With a huge allocation of more than Rs.100 billion being made for education in the Appropriation Bill presented in Parliament on Monday, the Government needs to go beyond money or certificates of qualifications and focus more on the values of character-building and attitudinal changes so that our schools will produce responsible and eco-friendly citizens.
A paradigm shift is required here and essentially it is to teach the children the difference between becoming successful and being fruitful. In the highly-competitive globalised capitalist market economic framework, being successful is rooted in the vice of selfishness and self-centredness in addition to the negative factors arising from greed, envy, jealousy and other vices.
In contrast, being fruitful essentially means living and working for the common good of all, to build inter-religious, inter-racial dialogue and co-operation in vital spheres such as climate change, poverty alleviation and the peaceful resolution of conflicts instead of resorting to war or violence. The Nobel Peace Prize this year was won by a worldwide movement working not just for nuclear non-proliferation but for total nuclear disarmament. This issue is vital with the United States President Donald Trump still insisting there is no option but a military solution to the nuclear conflict with North Korea.
Earlier this month, the National Unity Government provided life and health insurance to some 4.5 million children in about 11,000 public and private schools all over the country. Government leaders also say they are finalising plans to ensure that students get at least 13 years of education even if they fail the GCE (ordinary level) examination or fail to get sufficient marks at the GCE (advanced level) examination to enter a university.
A multitude of vocational training centres, mainly in the sphere of high technology, will be set up for them to get good and productive jobs so that they could play an important role in economic development and also have a voice in decision making. This needs to get priority because the future belongs to the younger generation and their voice needs to be heard clearly in decision-making processes.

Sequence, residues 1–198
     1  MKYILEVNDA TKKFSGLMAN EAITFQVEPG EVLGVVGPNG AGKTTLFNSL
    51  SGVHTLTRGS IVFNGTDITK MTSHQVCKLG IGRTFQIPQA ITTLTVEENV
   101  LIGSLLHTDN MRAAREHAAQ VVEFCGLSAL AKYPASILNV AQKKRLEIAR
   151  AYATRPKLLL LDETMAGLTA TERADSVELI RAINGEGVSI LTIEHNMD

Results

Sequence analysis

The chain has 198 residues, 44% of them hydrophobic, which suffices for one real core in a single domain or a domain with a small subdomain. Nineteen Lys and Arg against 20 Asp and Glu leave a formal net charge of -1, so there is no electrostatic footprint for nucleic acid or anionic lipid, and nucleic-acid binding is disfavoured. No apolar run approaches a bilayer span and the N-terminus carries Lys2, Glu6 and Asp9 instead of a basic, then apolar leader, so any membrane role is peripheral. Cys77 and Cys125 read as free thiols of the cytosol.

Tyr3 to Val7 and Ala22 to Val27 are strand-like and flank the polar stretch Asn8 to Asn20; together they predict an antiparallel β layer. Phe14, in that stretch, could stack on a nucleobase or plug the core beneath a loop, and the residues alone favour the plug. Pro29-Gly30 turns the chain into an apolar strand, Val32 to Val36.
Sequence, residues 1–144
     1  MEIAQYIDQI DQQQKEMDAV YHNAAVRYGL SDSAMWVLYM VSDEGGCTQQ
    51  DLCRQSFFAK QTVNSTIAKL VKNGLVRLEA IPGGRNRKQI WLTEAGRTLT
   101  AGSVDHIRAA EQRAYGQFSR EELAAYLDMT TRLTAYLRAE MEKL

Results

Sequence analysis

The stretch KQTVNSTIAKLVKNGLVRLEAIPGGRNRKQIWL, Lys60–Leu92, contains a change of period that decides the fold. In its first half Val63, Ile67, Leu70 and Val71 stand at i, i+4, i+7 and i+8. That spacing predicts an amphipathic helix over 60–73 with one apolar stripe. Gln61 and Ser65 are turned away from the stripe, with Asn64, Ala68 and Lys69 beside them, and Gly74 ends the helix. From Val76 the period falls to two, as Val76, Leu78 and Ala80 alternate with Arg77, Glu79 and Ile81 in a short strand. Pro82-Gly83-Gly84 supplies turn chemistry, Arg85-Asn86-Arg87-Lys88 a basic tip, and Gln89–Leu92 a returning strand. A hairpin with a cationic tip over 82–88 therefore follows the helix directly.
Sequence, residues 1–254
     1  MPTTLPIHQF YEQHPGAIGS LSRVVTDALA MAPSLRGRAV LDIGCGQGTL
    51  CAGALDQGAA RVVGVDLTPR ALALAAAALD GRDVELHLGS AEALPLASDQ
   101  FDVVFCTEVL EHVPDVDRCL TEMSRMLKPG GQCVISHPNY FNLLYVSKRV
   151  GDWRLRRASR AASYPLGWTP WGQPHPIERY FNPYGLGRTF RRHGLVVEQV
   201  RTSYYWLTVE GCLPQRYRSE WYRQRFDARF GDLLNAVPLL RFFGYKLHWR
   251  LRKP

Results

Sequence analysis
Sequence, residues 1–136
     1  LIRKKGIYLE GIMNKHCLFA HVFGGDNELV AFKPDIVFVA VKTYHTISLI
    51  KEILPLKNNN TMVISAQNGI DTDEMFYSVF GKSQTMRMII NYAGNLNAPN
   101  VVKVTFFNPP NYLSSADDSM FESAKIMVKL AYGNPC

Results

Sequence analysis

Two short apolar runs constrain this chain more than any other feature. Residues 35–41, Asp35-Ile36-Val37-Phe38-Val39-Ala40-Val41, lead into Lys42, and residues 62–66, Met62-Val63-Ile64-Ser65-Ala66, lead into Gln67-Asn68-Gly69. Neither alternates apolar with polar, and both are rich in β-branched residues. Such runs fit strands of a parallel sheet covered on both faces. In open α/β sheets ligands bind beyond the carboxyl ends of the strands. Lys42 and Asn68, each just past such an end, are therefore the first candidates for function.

The National Government has pledged that in its Vision 2025 programme, the main aim is to create a just, peaceful and all-inclusive society. To achieve this, the education paradigm shift is vital. All major religions insist that a vital need here is an inner liberation from selfishness, self-centredness, greed and related vices which promote or provoke a desire to be personally successful.
That system teaches that if personal success cannot be achieved by fair means, the students could resort to foul means or cut-throatism. Experience shows that such selfishness or self-centredness often leads to self-destruction. The lack of sincerity also damages relationships with other people, causing conflicts and quarrels, bitterness, jealousy and unforgiveness which pollute society.
Our religions teach us that inner liberation from selfishness and self-centredness are vital for students to become sincere and responsible citizens. That is why it is necessary even to hold a weekly class to train students on how to be sincere, other-centred and responsible citizens instead of wallowing in the pigsties of selfishness or greed. High qualifications are good. But high qualities necessary to take the moral high road will give students a priceless certificate in social justice from society itself.
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